"Three Coal Miners Die In Three Days Across The United States"
CREDIT: Coal miners in Alabama.
Three U.S. coal miners died in just three days this weekend, a string of consecutive accidents that hasn’t occurred in 10 years and that one official called “troubling.”
The miners, who were working in West Virginia, Illinois and Wyoming, respectively, died from different causes — one was hit on the head by a piece of equipment, another died in a motorized cart accident and another, who was nodding off, drove off a 150-foot high wall. Federal Mine Safety and Health Administration (MSHA) chief Joe Main said the deaths were troubling, especially because they occurred over the weekend — a time when there’s a “greater expectation an MSHA inspector would not be present.”
The deaths also come in the midst of a government shutdown that has forced the Department of Labor to cut its MSHA staff in half. Only 750 inspectors for the U.S. Department of MSHA are working during the shutdown, less than half the number of staff usually performing mine inspections. There isn’t any indication that the shutdown was related to the miners’ deaths — a Department of Labor spokesperson told Huffington Post that “investigators had been in two of the three mines just prior to the accidents.” But that doesn’t mean the shutdown hasn’t increased the dangers of an already dangerous field — as Huffington Post reports, the agency has had to stop its basic quarterly inspections of underground mines and biannual inspections of surface mines.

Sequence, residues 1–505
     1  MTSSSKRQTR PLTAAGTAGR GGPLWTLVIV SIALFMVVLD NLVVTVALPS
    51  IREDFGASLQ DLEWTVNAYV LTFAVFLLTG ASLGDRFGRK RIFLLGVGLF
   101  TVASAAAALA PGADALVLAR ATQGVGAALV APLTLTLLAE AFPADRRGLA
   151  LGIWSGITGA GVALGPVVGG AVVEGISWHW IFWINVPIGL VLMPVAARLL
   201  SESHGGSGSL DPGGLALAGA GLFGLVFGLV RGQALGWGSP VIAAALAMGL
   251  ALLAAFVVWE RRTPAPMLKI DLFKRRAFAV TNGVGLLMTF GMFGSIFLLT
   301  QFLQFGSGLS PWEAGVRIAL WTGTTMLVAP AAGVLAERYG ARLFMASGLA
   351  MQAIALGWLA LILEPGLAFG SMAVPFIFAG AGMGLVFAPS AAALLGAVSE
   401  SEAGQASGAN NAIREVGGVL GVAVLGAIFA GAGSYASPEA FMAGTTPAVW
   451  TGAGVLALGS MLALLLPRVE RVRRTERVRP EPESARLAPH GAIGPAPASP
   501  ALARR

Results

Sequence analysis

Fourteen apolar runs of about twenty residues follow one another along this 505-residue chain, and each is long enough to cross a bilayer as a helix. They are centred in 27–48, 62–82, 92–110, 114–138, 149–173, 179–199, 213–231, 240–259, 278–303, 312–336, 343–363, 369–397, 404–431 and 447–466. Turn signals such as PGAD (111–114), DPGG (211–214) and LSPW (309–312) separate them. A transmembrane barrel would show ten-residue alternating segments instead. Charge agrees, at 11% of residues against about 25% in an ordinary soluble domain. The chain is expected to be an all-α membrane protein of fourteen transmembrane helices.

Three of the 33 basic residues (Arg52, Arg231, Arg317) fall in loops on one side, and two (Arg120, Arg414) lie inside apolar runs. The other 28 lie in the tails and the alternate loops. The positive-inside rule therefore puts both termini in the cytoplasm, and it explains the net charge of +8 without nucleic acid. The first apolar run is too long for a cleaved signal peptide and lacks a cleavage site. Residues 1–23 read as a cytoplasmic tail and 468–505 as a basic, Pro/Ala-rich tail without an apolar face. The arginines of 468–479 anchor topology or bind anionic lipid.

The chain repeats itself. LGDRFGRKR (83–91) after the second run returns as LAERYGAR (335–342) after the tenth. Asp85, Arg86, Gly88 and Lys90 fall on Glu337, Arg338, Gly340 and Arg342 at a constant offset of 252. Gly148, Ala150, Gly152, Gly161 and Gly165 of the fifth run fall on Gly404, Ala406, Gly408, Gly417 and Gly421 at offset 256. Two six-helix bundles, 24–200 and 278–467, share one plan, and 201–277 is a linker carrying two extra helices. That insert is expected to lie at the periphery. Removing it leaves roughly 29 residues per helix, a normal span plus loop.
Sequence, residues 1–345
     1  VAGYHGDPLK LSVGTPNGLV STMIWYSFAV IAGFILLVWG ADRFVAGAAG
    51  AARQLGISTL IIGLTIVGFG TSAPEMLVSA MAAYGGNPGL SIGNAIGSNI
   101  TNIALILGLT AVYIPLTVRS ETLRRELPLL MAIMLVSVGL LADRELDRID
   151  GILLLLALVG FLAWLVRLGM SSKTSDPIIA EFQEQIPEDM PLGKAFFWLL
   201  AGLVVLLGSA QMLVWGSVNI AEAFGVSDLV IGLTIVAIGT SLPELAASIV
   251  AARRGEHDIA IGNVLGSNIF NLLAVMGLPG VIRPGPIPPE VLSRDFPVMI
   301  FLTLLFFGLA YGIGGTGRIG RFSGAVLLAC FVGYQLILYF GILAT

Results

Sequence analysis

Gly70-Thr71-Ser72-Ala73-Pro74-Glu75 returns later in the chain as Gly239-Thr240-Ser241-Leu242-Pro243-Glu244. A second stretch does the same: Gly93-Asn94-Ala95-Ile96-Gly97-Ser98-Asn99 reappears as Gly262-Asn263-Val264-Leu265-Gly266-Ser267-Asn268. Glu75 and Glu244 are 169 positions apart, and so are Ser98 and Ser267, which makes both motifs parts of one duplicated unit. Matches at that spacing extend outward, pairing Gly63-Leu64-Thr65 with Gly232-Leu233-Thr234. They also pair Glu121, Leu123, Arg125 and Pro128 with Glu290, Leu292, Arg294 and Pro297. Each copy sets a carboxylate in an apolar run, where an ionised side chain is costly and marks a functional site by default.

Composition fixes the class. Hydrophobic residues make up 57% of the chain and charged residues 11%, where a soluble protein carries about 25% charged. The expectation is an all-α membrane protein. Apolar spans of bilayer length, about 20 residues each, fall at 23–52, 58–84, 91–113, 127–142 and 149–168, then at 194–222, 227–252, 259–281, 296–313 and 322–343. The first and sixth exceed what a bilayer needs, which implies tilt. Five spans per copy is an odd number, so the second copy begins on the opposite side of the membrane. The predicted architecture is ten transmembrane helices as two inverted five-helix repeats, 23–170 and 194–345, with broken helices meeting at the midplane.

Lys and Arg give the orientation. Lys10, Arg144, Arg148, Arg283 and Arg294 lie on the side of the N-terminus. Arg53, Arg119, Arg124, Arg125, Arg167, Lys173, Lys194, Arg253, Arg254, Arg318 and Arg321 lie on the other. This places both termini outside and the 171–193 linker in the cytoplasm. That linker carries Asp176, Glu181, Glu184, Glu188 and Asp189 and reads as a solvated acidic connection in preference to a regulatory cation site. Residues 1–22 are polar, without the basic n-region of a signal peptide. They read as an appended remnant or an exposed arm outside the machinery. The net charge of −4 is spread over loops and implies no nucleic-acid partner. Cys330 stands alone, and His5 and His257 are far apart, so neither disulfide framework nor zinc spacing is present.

The deaths also highlight another reason why the U.S. should transition away from coal as an energy source. Though coal mining deaths have drastically decreased since the first part of the 20th century, 2011 saw 21 coal miners killed in accidents while 2012 saw 19. Coal miners are vulnerable to respiratory diseases like Chronic Obstructive Pulmonary Disease (COPD) and pneumoconiosis. Luckily, the U.S. is beginning to move away from coal — many utility companies are planning on scaling down their coal production in the coming years, and the largest coal-fired plant in New England will soon shut down.